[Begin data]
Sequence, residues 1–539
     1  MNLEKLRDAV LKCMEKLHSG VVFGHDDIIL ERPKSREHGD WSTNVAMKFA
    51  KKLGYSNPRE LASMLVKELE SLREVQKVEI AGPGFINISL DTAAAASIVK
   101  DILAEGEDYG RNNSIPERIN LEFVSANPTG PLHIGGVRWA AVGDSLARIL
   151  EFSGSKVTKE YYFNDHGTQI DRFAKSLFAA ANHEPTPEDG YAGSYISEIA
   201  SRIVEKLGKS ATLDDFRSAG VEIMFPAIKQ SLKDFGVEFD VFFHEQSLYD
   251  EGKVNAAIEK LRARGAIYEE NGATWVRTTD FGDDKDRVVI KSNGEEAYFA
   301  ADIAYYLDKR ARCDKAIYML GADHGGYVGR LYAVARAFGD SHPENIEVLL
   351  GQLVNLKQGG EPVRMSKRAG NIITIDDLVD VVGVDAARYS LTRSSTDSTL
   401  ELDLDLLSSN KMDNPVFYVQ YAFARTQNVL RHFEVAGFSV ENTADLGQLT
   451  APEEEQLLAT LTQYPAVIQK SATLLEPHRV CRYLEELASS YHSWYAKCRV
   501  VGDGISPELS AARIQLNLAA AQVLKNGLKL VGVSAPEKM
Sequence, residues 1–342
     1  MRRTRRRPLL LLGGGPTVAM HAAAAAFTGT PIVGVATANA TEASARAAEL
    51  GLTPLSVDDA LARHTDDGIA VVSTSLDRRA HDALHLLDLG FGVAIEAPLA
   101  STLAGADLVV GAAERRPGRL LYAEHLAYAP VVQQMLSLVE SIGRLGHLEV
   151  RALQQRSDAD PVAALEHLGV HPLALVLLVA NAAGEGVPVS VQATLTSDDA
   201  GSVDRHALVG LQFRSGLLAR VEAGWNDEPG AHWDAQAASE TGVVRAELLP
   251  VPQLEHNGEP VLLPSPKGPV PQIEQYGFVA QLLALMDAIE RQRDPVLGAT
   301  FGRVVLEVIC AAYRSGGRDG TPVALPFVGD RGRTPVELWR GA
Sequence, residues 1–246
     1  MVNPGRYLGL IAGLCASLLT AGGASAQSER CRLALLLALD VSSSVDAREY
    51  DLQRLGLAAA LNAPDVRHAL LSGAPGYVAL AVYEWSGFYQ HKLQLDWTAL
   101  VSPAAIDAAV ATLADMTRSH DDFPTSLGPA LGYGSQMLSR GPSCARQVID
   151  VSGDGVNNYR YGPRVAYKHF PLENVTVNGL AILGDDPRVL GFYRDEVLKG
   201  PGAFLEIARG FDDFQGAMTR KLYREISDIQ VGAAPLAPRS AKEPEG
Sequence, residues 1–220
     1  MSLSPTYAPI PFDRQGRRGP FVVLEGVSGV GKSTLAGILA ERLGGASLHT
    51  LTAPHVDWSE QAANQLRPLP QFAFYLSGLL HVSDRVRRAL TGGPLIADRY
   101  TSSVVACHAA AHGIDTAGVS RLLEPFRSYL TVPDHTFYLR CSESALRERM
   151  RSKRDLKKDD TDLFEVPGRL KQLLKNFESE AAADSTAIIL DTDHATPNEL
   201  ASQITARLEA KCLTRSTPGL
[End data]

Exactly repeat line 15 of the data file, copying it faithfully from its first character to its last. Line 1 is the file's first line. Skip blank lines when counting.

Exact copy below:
    51  GLTPLSVDDA LARHTDDGIA VVSTSLDRRA HDALHLLDLG FGVAIEAPLA